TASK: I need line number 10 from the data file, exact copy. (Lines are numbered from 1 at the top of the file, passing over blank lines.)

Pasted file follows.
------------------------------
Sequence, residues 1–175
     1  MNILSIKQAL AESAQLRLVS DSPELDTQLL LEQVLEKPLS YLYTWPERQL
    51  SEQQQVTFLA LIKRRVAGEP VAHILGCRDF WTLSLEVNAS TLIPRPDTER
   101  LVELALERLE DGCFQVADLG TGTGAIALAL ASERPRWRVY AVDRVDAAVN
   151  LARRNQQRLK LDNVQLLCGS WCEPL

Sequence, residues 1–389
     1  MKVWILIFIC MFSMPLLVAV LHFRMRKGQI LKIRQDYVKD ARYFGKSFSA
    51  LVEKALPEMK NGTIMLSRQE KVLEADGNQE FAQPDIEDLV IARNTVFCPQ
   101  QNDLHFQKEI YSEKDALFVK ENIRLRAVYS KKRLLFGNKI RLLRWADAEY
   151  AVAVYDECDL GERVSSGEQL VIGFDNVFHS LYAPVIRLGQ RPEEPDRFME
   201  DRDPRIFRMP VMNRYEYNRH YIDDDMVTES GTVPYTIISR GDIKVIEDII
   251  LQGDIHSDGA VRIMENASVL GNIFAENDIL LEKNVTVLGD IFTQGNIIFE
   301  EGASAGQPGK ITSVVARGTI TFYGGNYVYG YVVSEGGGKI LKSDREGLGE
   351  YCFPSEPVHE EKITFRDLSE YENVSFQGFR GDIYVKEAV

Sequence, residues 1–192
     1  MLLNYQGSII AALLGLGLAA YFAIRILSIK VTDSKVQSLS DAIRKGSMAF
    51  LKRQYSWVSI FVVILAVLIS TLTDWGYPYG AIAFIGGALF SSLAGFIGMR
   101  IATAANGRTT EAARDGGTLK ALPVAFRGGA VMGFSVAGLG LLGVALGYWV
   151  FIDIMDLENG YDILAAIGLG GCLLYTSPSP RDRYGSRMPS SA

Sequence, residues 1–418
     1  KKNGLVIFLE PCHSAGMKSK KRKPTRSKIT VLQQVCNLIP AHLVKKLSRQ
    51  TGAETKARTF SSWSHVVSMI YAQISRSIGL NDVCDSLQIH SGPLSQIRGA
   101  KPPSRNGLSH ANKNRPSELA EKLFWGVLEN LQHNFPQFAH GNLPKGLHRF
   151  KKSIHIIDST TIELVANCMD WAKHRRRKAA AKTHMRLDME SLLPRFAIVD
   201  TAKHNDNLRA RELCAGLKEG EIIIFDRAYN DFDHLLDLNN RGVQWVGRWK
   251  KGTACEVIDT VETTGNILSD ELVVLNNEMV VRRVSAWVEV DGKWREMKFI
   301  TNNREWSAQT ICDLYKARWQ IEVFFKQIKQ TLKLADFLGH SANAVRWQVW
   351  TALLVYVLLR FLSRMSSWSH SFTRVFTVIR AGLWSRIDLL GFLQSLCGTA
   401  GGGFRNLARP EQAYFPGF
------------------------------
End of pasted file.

   151  AVAVYDECDL GERVSSGEQL VIGFDNVFHS LYAPVIRLGQ RPEEPDRFME